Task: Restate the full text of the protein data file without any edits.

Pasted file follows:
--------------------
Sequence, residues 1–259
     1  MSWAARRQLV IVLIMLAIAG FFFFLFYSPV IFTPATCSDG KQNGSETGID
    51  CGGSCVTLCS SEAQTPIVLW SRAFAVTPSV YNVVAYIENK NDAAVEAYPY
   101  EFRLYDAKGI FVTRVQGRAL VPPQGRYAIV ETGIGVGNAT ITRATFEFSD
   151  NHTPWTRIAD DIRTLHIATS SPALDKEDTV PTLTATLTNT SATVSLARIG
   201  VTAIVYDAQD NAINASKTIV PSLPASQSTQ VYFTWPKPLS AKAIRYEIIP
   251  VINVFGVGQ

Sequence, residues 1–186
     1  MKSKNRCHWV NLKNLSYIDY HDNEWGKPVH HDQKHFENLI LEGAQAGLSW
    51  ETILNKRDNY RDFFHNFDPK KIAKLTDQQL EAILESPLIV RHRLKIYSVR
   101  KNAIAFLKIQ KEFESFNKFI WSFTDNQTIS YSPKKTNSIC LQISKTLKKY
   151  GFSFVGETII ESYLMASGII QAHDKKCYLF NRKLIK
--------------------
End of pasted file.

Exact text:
Sequence, residues 1–259
     1  MSWAARRQLV IVLIMLAIAG FFFFLFYSPV IFTPATCSDG KQNGSETGID
    51  CGGSCVTLCS SEAQTPIVLW SRAFAVTPSV YNVVAYIENK NDAAVEAYPY
   101  EFRLYDAKGI FVTRVQGRAL VPPQGRYAIV ETGIGVGNAT ITRATFEFSD
   151  NHTPWTRIAD DIRTLHIATS SPALDKEDTV PTLTATLTNT SATVSLARIG
   201  VTAIVYDAQD NAINASKTIV PSLPASQSTQ VYFTWPKPLS AKAIRYEIIP
   251  VINVFGVGQ

Sequence, residues 1–186
     1  MKSKNRCHWV NLKNLSYIDY HDNEWGKPVH HDQKHFENLI LEGAQAGLSW
    51  ETILNKRDNY RDFFHNFDPK KIAKLTDQQL EAILESPLIV RHRLKIYSVR
   101  KNAIAFLKIQ KEFESFNKFI WSFTDNQTIS YSPKKTNSIC LQISKTLKKY
   151  GFSFVGETII ESYLMASGII QAHDKKCYLF NRKLIK